Added by on 2013-09-13

Congress: Don’t wobble now on immigration reform. The money’s just too good.

2 reasons why I’m not giving up on immigration reform moving this year and you shouldn’t either.

1. We’re not at the starting line. This is the tail end of the race.

It can take years to get a bill passed in Congress and it’s taken years to get the broad national buy-in for comprehensive reform that we have now. There’s no such thing as a perfect bill and to ignore legislation that’s already made it out of one of the Houses of Congress is hubris.

Backing off now when we’re so close won’t just take the air out of the momentum we have to get something done, it will also, almost certainly, guarantee that it will be years before Congress takes up the issue again. Some are even speculating it wouldn’t resurface until 2017. As a global leader in an increasingly competitive environment, the U.S. can not afford to wait. Syria, the Fed, and the debt ceiling are all crucial to address but waiting four more years to fix a mission-critical but deeply flawed system when there’s national support now, is poor management.

2. The MONEY, honey.

This fall, the U.S. will face more fiscal cliffs, debt ceilings discussions and potential costly government shutdowns. And yet, talk of the fiscal benefits of immigration reform remains scarce. Taken from a Congressional Budget Office analysis of the Senate bill, here’s my list of…ECONOMIC FACTS THAT TIP THE SCALES FOR IMMIGRATION REFORM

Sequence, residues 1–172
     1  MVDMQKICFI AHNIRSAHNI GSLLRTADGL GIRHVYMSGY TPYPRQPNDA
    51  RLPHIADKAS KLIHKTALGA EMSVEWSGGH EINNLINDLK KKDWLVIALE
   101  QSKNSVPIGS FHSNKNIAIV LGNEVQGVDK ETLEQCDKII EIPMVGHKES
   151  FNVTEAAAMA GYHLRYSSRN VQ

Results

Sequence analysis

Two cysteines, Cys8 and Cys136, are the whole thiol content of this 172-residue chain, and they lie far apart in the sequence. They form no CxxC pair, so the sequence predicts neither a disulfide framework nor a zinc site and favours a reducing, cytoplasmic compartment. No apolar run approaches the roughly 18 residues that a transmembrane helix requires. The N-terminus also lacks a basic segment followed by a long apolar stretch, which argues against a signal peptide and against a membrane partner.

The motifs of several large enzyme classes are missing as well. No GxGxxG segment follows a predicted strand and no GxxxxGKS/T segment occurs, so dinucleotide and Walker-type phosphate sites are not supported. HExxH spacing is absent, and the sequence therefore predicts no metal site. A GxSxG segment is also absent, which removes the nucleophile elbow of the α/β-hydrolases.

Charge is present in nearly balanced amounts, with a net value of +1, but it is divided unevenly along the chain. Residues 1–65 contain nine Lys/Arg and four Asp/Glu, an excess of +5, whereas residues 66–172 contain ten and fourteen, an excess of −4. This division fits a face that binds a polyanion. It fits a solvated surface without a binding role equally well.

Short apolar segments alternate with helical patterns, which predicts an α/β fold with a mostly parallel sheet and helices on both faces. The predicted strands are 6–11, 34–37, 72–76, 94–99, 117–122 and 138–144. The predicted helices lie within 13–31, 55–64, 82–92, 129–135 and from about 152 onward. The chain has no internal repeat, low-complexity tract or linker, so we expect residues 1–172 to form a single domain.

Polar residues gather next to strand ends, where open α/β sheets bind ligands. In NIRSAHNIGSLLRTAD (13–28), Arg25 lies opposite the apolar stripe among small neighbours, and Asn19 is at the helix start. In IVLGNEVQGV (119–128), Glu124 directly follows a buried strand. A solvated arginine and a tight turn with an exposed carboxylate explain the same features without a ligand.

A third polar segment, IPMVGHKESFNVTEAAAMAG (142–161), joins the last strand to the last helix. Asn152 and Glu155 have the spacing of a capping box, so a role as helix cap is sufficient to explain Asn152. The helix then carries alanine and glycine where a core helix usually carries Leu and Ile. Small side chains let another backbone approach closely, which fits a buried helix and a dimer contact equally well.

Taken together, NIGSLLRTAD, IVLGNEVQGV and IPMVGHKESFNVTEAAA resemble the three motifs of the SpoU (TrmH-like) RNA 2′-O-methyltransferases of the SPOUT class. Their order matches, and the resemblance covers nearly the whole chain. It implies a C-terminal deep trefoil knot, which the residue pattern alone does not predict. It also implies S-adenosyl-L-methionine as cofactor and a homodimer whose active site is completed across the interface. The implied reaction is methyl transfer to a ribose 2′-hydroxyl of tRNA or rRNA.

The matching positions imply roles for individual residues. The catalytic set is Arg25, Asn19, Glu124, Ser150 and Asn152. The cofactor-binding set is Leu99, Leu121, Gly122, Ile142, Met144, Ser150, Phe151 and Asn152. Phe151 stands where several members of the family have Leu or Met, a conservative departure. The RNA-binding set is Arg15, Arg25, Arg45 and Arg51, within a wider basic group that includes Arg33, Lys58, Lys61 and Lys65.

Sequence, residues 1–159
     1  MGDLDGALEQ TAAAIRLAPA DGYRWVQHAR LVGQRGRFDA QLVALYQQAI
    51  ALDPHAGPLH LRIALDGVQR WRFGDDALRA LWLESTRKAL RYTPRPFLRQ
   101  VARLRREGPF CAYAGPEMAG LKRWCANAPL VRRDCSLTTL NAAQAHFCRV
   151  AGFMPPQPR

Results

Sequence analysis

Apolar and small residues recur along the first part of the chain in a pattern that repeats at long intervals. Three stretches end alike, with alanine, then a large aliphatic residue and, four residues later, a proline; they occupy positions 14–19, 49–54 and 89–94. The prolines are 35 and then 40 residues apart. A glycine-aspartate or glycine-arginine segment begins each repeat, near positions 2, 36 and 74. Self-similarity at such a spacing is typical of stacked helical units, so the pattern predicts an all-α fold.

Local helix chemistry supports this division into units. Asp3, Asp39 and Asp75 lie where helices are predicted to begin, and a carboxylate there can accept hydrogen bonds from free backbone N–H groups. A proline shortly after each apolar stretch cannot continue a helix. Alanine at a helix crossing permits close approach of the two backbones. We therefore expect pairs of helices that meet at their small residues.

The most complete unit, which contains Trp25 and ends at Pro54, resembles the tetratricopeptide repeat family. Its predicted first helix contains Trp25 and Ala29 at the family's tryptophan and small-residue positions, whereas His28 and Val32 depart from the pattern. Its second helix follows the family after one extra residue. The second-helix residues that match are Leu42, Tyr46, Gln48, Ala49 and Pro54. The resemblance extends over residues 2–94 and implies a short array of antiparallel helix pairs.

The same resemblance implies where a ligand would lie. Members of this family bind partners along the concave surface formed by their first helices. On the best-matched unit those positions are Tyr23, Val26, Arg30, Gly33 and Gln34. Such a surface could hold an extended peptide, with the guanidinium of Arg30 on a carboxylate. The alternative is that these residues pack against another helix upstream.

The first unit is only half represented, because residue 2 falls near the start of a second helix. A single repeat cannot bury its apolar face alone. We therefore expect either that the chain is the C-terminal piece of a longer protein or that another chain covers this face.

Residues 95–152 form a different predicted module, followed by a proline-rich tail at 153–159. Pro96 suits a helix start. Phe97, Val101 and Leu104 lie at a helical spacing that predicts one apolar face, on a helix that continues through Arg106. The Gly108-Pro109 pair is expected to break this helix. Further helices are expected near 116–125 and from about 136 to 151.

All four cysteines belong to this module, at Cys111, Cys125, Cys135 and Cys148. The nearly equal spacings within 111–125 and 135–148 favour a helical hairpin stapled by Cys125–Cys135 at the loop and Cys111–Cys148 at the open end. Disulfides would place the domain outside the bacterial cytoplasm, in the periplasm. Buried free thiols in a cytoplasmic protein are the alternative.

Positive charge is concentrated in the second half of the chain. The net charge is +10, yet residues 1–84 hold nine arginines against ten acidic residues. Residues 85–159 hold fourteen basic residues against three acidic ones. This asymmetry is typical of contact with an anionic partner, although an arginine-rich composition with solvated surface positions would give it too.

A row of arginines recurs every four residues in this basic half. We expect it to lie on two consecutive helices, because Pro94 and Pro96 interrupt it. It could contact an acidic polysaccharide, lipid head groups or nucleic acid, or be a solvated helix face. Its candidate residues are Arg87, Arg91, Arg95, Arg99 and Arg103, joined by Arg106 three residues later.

(Look out, the last one’s a doozy).

The bill that’s passed the Senate would:

  • · Boost U.S. GDP by 3.3% in 2023 and by 5.4% in 2033;
  • · By 2025, it would raise average wages across the wage distribution. That is, low-, medium-, and high-skilled workers would all see higher average wages as a result of the bill by 2033 (a distinct departure from the current trend of increasing wage disparity);
  • · Generate higher tax revenues that would more than offset higher spending;
  • · Improve Social Security’s short- and long-term solvency;
  • · Not increase the unemployment rate over the longer run; AND
  • · Reduce the total deficit by $158 billion in the first decade, and by about $685 billion over the second decade.

Immigration reform’s impact on the deficit should not be a periphery issue. The House will take up the issue in October. I challenge you to hold your Congressmen’s feet to the fire until then and insist deficit and debt-ceiling discussions include immigration reform as a much-needed elixir.

The Good & Bad Side of Immigration Reform


If you don’t already know who your Congressperson is, I’d be happy to help you. Just shoot me a message at @ErikaSumner.

For more data from the Congressional Budget Office report analysis

Infographic of the Senate bill’s contents